Wednesday, April 29, 2009

Scott Simpson Column on IPPs and NAFTA

Scott Simpson of the Vancouver Sun has his columns online and they are worth reading. Today he wrote about the idea that NAFTA somehow forces the government here to continue sales of power to the US once they start. Not that he is saying that, some of the NDP candidates are saying that.

There are some major fallacies with the argument that NAFTA would force a commodity to be sold in perpetuity.

1) No one can force a private company to sell the power they produce to the Americans.
2) BC has a sovereign right to regulate water issues under constitution. The federal Crown does not have the power to force the provincial Crown to bend to their will. No treaty Canada signs can bind a province in an area of provincial jurisdiction.
3) No one has ever come up with a true scare story of what NAFTA does.

I suspect that the licenses will be renewed in the future given the fact that it makes rational sense because the infrastructure is in place.

Of course our power is going to the US, we can produce loads of green power and are connected into a north - south grid.

Tuesday, April 28, 2009

IPPs and Campbell River

The Campbell River Mirror is running a poll about a moratorium on run of the river power projects. As of this moment the vote is very close with about 407 in favour of a moratorium and 395 against. I am surprised that it is this close given the huge amount of energy that the anti-green power lobby is putting into to stopping all the projects in BC.

At the same time, the opposition to green power projects on the coast of BC is pushing more and more aboriginal leaders to be either be opposed to the NDP or actively in favour of the Liberals. Lately Eppa(Gerrard Peters) of the In-SHUCK-ch and Judith Sayers of the Hupacasath First Nation both condemned the NDP stance on IPPs. Gerrard was strong supporter of the NDP in the past. Judith Sayers was the public face of the campaign against the Liberal referendum on the Treaty process.

First Nations in rural BC are looking for ways to diversify their economic options and green power is clearly one of the ways they see getting long term jobs, revenues for their governments and reduce dependency on forestry or fishing.

Monday, April 27, 2009

Atlin Run of the River project

We still have some small towns that rely on diesel generators, Atlin was on one such town. Run of the river in BC has been done well and requires a lot of reviews before you can go ahead.

Thursday, April 16, 2009

The NDP and the Carbon Tax

I am finding the debate on this issue tedious. The NDP clearly has made a huge error on this issue as every recommendation for dealing with climate change is to price carbon, a carbon tax is the easiest way to do it. A carbon tax that uses tax shifting, meaning no net increases in tax take by the goverment, is truly using taxation as a public policy tool. The BC Liberals have chosen to be on the forefront on public policy on this issue. The simply are more forward thinking and progressive than anyone else out there.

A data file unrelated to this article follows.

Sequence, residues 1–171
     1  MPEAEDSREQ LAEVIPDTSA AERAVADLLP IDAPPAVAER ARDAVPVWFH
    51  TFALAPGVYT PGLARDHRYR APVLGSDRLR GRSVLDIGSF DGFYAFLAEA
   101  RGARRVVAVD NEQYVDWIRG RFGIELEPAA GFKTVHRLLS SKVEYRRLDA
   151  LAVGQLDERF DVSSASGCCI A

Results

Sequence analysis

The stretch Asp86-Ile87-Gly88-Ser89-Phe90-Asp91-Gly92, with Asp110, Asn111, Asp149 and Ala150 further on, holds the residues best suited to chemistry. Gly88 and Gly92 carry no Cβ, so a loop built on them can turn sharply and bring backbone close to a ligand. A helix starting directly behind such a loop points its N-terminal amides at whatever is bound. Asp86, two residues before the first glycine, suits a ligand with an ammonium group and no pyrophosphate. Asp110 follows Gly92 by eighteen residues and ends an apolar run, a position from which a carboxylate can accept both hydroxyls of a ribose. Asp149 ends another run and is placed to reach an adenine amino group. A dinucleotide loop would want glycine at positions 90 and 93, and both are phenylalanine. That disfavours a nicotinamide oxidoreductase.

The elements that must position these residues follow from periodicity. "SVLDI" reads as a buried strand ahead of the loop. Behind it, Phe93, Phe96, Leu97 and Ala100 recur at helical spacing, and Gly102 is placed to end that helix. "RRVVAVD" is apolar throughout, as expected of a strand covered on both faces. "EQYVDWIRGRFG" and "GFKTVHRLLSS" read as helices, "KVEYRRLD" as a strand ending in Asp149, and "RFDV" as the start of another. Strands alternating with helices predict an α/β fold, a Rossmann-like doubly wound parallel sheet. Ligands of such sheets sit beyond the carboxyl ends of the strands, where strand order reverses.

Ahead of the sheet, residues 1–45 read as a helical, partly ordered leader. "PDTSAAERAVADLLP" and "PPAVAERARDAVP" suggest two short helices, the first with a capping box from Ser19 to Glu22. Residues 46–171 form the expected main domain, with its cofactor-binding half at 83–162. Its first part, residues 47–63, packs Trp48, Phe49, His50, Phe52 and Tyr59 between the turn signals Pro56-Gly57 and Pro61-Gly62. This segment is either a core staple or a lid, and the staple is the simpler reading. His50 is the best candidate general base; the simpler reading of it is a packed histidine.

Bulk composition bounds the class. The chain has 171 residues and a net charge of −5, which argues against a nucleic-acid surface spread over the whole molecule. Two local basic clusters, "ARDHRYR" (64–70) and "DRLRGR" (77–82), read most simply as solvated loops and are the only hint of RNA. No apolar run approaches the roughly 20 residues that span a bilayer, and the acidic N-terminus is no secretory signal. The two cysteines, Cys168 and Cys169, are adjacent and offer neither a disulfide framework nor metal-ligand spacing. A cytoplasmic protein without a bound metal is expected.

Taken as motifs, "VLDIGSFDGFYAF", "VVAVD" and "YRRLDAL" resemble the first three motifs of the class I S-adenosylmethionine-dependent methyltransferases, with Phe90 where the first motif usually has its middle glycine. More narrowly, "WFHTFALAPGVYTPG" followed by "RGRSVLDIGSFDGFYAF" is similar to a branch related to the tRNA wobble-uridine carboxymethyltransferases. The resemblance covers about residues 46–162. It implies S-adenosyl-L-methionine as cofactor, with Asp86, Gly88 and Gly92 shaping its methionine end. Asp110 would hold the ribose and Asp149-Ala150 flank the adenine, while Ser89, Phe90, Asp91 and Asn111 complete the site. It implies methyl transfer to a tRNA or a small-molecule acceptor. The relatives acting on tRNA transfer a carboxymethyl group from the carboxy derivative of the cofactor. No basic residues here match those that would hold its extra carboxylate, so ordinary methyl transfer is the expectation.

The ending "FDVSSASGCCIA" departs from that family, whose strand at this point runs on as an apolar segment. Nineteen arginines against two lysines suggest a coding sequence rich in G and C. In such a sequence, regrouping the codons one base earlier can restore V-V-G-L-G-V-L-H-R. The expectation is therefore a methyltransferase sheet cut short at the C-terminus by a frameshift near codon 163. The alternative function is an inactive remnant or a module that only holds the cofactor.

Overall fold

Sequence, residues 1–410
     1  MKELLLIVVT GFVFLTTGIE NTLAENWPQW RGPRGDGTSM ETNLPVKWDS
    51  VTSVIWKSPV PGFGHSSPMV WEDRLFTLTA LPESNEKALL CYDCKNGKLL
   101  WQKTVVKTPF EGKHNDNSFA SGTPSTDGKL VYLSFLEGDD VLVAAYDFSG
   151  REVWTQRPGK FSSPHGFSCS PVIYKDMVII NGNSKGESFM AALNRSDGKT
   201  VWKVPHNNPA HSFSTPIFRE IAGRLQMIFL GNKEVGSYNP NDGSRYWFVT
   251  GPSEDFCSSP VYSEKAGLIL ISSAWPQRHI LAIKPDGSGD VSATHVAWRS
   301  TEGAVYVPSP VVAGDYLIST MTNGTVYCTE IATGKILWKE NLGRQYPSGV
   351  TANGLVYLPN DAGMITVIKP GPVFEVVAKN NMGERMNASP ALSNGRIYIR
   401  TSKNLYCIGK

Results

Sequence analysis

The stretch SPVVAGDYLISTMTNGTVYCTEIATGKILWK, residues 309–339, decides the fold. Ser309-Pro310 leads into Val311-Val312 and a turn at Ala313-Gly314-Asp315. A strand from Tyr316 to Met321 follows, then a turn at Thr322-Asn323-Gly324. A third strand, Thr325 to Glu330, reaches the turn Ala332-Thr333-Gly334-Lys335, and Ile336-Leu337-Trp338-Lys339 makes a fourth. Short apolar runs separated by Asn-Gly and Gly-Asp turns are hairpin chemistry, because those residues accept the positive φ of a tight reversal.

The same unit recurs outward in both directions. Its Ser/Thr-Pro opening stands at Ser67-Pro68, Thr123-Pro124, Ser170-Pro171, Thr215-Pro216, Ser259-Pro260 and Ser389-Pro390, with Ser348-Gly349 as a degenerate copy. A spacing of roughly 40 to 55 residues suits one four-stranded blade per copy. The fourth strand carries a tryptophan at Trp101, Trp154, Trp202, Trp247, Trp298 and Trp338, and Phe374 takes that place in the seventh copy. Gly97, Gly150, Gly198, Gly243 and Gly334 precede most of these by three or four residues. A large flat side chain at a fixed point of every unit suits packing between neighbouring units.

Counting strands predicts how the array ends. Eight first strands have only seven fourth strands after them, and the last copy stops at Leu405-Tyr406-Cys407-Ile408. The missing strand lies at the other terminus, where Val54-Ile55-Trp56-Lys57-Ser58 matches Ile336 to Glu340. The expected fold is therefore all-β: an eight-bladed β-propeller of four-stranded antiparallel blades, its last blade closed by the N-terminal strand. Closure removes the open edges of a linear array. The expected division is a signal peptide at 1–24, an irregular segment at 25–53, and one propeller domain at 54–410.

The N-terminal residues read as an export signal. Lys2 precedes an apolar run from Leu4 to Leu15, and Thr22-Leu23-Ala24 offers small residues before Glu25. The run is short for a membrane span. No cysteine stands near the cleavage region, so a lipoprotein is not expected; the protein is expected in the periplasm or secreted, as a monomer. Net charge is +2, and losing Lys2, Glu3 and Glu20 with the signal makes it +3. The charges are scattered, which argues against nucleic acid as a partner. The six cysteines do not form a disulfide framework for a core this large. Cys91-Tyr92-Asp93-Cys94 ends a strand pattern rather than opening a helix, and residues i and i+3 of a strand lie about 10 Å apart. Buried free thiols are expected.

Instead of supporting something the government is doing that is a very smart idea, the NDP is opposing this. There is no shortage of public policy differences the NDP could highlight.

The carbon tax is the most progressive of taxes possible because it is your choice to pay it or not. The poorest in society have almost most direct impact from it because their purchases of fuels is limited. People choosing to have several cars, a truck, a boat, a quad etc will end up paying the most.

The carbon tax will also increase the demand for transit, getting rid of it will reduce the demand.

The alternative to a carbon tax is a cap and trade system. Cap and trade will require huge amounts of regulation and monitoring, it will be very open to corrupt behaviour. Cap and trade will always be open to government meddling with the cap - if the cap is high enough, there is no need for the trade. One only needs to look at how public power has worked in BC, even though it would make good sense for conservation reasons to raise electrical rates, no government has the guts to do it. Cap and trade honestly scares me given the dangers I noted above.

A tax we can choose to pay or not is the best way to price carbon. It is my choice how much gas I want to buy and therefore how much tax I pay. The tax will rise over time. The $30 a tonne price we will see in a few years will still likely not be high enough, but it will be higher than elsewhere and people will make decisions to avoid paying the tax. We will reduce our fuel use compared to elsewhere.

Clearly the NDP chose to oppose the carbon tax because they thought they could gain political points. There was no debate of this as a policy at any NDP convention, it was just born over a coffee in the legislature by the brains trust that gave the province one of the weakest oppositions ever. This is not a thought out or rational policy decision, but a spur of the moment one they chose in the hopes of bad polling numbers for the Liberals. The wierd thing is that there environmentalists out there supporting the NDP in this decision, clearly these are people putting political partisan views ahead of a better environment.

I find a lot of the crapping on the NDP from the right on the issue of the carbon tax as annoying as the NDP opposition to the carbon tax. Many of the people suddenly voicing support in a round about way for the carbon tax are people that were until recently skpetics on climate change. Admittedly the NDP move to be side with the climate skeptics means many borderline climate change skepitcs on the right are now on board with carbon pricing.

The people that have remained rational and reasonable in this debate are:
  • Serious environmentalists like Tseporah Berman
  • Climate change scientists like Andrew Weaver
  • Business people like Jim Hoggan
  • Gordon Campbell and his government
  • Jane Sterk and her party